Week 2 March 2005: Rain = 1.5mmGarden Diary
Received seeds and cutting material in the mail this week. Firstly some Eucalyptus pachyphylla seeds arrived from Glen Innes. A chap who has visited Yallaroo collected the seeds in central Queensland. They have been sown and hopefully this Eucalypt, known as the Red-capped Mallee, will be planted in one of our gardens.
Our son, Lachlan, who manages a large exotic garden in the Southern Highlands, of NSW, sent the cuttings. He sent some Skimmea cuttings for us to try to propagate. Skimmea plants are difficult to find in nurseries and he needs some for the garden. Skimmea is a member of the Rutaceae family in company with the native Correas. We havenít heard of this genus before. Hopefully the cuttings will strike.
We went on an interesting drive this week. We headed east of Armidale along the Waterfall Way and returned via Guyra along the New England Highway. We received a photo of a red-trunked Eucalypt that is growing along the Waterfall Way and our first stop, on our short expedition, was to identify this Eucalypt. It turned out to be Eucalyptus dalrympleana, a White Gum. The trunk was no longer red. Apparently the trunks sometimes become red just before the bark is shed.
Our next stop was at Sandy Creek, a very original name. Two interesting plants grow here. One is Callitris oblonga, the Pygmy Pine and the other is a form of Grevillea juniperina. This form has grey foliage and develops into a dense, mounded ground cover. We collected cuttings, as this form will have great horticultural potential.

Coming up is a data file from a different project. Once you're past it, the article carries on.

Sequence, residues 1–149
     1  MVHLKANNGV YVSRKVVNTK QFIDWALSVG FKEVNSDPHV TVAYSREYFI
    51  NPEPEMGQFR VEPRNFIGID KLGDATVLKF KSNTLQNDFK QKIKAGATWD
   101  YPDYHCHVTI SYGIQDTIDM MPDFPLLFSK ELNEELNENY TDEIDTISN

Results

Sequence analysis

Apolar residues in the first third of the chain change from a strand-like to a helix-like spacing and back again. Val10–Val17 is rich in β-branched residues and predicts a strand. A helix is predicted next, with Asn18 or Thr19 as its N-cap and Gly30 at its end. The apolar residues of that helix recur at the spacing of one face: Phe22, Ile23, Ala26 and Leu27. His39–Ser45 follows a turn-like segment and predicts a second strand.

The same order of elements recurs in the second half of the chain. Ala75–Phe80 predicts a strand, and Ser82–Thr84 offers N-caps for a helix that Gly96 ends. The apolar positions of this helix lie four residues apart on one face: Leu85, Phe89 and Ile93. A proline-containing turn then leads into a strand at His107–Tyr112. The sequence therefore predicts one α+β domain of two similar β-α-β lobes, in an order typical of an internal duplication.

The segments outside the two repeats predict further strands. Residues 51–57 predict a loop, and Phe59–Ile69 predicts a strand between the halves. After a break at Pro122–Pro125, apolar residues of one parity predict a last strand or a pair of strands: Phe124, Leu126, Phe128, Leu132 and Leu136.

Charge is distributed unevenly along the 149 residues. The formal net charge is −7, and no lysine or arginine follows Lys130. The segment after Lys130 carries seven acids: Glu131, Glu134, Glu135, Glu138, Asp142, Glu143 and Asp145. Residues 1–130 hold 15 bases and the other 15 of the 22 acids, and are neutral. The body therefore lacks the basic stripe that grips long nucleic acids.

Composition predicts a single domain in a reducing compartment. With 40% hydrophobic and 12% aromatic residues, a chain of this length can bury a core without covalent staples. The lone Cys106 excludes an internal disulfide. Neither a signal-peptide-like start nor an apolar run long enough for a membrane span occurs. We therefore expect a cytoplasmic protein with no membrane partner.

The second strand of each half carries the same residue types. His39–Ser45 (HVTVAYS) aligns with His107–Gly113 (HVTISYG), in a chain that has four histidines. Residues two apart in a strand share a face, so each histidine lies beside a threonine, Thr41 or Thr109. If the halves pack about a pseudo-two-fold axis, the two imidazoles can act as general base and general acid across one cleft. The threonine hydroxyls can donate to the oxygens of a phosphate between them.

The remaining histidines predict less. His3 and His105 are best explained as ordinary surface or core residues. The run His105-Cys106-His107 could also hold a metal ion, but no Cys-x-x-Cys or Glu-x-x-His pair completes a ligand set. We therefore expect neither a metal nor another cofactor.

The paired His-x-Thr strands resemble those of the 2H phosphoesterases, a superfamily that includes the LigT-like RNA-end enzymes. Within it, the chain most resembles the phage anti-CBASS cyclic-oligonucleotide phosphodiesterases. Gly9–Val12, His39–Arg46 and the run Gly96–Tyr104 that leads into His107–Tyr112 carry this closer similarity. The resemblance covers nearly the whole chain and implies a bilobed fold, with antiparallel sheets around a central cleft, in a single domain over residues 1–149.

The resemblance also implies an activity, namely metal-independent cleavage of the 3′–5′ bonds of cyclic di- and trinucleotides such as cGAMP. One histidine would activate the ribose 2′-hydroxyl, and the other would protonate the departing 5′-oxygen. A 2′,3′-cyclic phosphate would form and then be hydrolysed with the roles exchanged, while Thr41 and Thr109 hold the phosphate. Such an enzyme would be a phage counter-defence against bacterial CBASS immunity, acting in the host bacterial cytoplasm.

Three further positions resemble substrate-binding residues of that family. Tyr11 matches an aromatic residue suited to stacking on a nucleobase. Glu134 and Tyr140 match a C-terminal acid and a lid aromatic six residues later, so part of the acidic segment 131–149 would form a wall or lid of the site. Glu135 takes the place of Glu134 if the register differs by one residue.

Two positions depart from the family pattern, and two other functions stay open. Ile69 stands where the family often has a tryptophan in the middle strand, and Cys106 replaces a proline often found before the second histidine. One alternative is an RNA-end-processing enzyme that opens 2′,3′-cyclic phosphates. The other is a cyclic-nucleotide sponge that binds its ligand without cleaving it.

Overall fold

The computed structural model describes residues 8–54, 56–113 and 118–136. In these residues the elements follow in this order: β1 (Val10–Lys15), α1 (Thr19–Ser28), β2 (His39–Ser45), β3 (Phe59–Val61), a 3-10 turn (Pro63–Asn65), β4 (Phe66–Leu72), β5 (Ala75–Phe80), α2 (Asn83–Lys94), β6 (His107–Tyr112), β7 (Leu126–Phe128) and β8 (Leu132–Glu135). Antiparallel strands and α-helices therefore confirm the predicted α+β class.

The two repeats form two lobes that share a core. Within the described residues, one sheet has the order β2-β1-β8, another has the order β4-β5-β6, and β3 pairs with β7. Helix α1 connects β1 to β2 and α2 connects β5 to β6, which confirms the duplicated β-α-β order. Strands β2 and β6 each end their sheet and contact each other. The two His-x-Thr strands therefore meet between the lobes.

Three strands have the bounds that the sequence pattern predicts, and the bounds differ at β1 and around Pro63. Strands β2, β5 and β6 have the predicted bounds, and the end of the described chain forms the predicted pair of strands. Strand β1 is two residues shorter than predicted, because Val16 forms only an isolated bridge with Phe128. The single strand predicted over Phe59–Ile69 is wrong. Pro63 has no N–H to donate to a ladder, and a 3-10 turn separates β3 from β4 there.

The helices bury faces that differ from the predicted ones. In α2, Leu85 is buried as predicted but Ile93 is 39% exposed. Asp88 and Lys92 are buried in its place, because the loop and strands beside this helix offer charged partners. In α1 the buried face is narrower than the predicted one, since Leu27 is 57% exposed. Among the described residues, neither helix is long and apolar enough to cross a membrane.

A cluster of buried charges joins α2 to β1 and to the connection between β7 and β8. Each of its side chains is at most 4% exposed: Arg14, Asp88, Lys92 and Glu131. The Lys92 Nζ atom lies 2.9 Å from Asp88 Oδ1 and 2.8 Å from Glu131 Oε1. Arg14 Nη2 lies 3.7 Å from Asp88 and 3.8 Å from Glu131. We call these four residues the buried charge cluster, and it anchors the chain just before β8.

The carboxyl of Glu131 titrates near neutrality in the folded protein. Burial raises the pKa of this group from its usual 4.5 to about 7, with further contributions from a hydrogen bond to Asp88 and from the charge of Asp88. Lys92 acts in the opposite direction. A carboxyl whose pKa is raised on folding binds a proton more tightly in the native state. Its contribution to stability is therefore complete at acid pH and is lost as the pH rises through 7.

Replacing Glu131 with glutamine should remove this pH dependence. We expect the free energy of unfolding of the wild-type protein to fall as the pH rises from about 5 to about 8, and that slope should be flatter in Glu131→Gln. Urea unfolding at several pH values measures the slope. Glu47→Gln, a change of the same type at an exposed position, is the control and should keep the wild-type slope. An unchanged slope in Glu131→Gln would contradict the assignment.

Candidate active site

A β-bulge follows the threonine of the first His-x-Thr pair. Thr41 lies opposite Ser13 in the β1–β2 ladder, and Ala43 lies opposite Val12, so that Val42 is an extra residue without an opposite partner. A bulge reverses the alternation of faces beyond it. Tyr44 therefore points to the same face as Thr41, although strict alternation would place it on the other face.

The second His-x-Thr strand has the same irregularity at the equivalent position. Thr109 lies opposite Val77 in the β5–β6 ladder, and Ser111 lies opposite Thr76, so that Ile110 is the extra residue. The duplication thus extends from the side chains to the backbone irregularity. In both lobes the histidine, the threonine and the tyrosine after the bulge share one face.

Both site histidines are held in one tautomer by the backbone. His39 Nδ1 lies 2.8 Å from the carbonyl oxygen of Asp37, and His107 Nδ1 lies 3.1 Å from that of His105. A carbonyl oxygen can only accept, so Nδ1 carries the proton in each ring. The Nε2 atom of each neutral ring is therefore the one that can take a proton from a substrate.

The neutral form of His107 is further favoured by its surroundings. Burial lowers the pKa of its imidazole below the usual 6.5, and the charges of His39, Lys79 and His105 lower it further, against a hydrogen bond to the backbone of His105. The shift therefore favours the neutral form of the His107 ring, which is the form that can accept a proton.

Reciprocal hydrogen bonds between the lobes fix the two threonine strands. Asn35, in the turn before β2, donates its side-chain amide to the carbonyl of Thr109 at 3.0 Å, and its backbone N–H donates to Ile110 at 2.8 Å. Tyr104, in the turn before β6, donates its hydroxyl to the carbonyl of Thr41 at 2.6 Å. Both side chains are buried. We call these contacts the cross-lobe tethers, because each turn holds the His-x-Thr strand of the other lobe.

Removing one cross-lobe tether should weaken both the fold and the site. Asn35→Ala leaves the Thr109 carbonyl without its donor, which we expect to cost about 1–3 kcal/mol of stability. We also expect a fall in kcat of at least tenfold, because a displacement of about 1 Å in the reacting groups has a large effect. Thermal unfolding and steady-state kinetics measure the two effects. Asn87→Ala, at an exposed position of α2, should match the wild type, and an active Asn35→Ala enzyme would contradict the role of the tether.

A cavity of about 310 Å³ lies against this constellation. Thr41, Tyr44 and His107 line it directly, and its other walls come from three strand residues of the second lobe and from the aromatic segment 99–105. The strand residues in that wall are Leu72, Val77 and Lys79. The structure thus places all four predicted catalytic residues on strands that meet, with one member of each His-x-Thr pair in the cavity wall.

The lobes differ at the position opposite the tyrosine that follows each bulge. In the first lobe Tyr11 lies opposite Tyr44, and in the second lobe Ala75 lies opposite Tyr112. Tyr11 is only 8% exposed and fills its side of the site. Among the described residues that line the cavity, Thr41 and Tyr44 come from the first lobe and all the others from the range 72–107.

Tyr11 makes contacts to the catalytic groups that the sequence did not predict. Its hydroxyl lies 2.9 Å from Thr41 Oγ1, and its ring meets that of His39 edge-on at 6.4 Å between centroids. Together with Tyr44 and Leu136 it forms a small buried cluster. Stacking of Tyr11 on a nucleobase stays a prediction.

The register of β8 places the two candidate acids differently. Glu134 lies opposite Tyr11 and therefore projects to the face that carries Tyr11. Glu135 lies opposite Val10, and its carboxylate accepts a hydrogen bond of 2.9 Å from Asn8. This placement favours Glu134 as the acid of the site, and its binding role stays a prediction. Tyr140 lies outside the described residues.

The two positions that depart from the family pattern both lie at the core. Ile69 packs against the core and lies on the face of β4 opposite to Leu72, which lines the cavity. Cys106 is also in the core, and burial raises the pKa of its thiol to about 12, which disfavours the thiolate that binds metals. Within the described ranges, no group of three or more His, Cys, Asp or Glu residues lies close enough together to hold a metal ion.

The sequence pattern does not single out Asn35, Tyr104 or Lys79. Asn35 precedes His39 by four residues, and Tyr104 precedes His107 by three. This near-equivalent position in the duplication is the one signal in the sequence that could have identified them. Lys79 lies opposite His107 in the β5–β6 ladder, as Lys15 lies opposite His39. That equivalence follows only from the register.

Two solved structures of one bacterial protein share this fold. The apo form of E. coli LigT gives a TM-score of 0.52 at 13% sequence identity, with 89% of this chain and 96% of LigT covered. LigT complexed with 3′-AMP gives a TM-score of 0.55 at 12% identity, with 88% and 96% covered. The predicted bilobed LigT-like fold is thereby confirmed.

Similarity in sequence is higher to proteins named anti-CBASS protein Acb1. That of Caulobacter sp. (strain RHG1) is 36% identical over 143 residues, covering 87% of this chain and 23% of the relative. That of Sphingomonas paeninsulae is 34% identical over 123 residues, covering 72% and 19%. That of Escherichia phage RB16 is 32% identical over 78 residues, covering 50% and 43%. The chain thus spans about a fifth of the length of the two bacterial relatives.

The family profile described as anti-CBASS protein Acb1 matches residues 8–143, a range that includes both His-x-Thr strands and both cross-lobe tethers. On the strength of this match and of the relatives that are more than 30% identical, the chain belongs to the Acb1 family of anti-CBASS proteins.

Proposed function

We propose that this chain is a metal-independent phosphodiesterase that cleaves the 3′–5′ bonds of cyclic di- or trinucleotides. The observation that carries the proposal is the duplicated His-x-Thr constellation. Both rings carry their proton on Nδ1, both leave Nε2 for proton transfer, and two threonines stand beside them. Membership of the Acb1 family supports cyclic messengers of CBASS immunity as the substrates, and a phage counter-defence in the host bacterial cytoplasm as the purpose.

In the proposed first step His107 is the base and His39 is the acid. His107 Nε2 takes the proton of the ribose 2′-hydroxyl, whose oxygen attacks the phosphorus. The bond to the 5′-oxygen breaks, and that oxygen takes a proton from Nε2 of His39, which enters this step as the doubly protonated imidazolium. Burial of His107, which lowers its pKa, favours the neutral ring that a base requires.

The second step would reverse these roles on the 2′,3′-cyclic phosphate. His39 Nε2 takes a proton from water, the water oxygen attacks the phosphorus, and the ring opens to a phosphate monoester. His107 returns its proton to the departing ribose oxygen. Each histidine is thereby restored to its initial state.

Lunch was partaken in Cathedral Rock National Park. After lunch we went on a short walk to sample some of the botanical features of this beautiful National Park. We came across Derwentia arcuata and the very rare Styphelia perileuca. This latter plant is a medium, spreading shrub with short, stiff, grey leaves and flowers and is only found in Cathedral Rock National Park.
Our trip was rounded off by a visit to a Guyra nursery where we purchased a number of native plants including a Grevillea, Callistemon and a couple of Banksias. This was an interesting and instructive trip.
We are still planting the western extension of our Lawn Garden. This week we dug holes, filled them with plants and then mulched with sawdust.
A Prostanthera expired in one of our gardens this week. It was an advanced specimen in a large pot. Fortunately we had struck cuttings from this plant before its expiration. When we pulled the dead plant out of the ground we found it was root bound. The roots were confined to a small ball that was the shape of a 50 cm thumb pot. The plant had been potted on direct from a thumb pot without teasing out the roots. If possible buy your natives as tube stock. They are less expensive and have much greater survival rates.